Wednesday, September 13, 2017


Armed riot police broke up a peaceful vigil by students in Swaziland seeking to get their closed university reopened.

The vigil by students of the Swaziland Christian University (SCU) was outside the Ministry of Education and Training on Thursday (7 September 2017).

Armed police from the Operational Support Services Unit (OSSU) gave the students 10 minutes to disperse. The OSSU is known for its violence and the students led by executives of the university’s student representative council decided to march away.

SCU was closed in August 2017 following an investigation by the Swaziland Higher Education Council (SHEC). According to a 40-page report, SCU, a private university in a joint venture with the Swazi Government, did not have the required funding to continue. There were also issues among others about the suitability of learning resources such as the library and the relevance and quality of its courses.

The university which specialises in medical-related courses had an enrolment of 916 students in the past academic year.

When the university was closed Minister of Education and Training Phineas Magagula said the ministry would work with SCU to get it reopened as soon as it was practicable.

In 2015, when SCU was in financial crisis and could not pay salaries, the university blamed the Swazi Government for not giving it money it had promised.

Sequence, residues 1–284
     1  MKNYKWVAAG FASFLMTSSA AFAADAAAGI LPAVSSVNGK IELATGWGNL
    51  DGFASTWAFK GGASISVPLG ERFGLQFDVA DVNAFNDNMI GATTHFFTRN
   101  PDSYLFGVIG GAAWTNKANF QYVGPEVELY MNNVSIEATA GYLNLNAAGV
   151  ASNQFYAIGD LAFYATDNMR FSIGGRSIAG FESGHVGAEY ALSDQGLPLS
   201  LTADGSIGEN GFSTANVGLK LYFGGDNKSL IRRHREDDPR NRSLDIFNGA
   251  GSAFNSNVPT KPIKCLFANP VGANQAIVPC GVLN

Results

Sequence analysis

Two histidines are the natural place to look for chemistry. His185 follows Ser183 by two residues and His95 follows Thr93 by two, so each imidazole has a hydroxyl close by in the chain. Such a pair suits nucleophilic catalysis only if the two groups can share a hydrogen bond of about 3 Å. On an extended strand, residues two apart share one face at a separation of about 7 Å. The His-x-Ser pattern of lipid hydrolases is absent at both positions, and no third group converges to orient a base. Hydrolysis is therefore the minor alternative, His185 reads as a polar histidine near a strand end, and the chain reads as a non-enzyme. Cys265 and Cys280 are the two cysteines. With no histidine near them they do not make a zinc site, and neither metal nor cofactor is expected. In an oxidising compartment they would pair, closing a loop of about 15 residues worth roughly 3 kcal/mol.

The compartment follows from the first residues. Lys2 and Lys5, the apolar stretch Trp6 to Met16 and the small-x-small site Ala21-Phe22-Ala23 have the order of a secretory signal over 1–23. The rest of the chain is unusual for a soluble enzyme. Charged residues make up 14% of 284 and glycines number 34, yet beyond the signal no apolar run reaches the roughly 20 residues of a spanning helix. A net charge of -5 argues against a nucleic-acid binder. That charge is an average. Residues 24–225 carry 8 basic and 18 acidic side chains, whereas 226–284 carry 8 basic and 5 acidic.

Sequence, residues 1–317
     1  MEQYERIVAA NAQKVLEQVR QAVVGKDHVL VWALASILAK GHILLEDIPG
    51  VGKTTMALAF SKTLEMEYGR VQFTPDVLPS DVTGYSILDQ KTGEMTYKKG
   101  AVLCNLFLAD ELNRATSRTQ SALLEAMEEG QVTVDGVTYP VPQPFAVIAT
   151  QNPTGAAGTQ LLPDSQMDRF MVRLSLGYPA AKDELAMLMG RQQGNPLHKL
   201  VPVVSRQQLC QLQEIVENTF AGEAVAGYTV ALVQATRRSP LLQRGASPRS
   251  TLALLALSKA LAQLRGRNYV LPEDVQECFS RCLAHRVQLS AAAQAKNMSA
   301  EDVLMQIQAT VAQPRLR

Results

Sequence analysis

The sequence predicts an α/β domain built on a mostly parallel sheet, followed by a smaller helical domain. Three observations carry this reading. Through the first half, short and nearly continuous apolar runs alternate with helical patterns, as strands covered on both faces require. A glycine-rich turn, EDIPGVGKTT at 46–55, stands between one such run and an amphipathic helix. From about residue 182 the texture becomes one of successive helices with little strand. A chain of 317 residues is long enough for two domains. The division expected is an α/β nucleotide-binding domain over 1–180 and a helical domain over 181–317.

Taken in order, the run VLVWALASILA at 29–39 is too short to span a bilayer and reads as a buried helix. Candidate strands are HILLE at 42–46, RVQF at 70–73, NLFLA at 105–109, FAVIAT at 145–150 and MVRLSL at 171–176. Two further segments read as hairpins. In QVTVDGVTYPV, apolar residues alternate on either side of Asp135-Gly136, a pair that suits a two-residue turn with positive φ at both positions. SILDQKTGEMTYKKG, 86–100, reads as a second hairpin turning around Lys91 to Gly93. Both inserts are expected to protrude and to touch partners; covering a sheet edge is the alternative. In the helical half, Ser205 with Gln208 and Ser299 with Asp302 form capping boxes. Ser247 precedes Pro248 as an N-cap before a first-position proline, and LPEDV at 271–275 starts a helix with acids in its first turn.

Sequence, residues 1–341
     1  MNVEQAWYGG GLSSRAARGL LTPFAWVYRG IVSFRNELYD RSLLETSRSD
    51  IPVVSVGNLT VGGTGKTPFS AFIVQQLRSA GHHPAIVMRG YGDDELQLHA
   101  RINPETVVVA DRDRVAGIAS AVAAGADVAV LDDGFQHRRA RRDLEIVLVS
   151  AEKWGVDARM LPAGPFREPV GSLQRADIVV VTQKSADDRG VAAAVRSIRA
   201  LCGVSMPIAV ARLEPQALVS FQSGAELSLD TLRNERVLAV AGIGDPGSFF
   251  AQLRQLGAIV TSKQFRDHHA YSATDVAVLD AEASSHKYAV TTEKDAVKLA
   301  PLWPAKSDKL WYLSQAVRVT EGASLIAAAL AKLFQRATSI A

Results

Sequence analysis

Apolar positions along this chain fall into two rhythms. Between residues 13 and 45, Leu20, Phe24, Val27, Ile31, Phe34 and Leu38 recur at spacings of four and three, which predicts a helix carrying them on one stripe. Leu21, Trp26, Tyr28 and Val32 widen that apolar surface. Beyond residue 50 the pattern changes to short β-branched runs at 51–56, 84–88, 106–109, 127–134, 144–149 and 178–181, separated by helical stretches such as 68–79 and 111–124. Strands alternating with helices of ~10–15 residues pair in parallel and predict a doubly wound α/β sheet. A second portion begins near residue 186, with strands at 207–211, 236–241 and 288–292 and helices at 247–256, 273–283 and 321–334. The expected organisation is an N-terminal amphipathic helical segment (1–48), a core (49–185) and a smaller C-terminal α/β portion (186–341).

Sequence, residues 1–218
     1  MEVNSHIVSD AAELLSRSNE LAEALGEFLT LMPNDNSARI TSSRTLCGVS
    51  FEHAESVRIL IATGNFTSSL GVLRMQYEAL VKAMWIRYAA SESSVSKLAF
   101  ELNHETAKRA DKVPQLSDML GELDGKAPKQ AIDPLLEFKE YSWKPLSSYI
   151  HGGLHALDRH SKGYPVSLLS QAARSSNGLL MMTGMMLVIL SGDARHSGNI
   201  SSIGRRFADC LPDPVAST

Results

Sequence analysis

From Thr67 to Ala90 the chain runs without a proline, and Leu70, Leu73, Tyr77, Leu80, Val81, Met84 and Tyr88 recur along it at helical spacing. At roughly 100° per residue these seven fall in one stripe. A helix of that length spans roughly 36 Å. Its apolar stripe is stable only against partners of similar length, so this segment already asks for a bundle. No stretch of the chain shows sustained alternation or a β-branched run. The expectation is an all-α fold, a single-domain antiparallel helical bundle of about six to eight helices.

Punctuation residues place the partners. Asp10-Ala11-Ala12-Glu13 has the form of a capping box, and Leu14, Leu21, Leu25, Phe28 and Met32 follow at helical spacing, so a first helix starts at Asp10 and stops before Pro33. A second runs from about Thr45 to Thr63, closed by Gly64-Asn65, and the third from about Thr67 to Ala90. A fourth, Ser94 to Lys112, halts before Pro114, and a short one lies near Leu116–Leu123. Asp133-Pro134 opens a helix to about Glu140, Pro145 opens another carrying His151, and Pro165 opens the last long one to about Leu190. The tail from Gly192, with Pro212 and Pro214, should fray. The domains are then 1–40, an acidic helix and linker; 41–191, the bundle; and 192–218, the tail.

The Observer on Saturday newspaper reported at the time (28 February 2015), ‘This was disclosed by the university’s bursar Lusekwane Dlamini through an internal memorandum.’

The newspaper reported the memo said, ‘This memo serves to inform you that salaries for this month will be delayed due to the current financial situation faced by the university.’

The newspaper added, ‘According to highly placed sources, the school administration is accusing government of failing to render their salaries. They are alleging that government promised to give them E27 million [US$2.7 million] which was not met.’ 

It reported the Minister of Education and Training saying there was no money at the moment. He said the Government had paid the university E3m at the beginning of the year.

In February 2015, it was reported that armed police raided the university’s campus after students boycotted classes. They were protesting about a shortage of lecturers and inadequate teaching facilities.

It was also separately reported that 25 female students from the university had been raped in the previous year. Students blamed the university for not providing them with secure accommodation.

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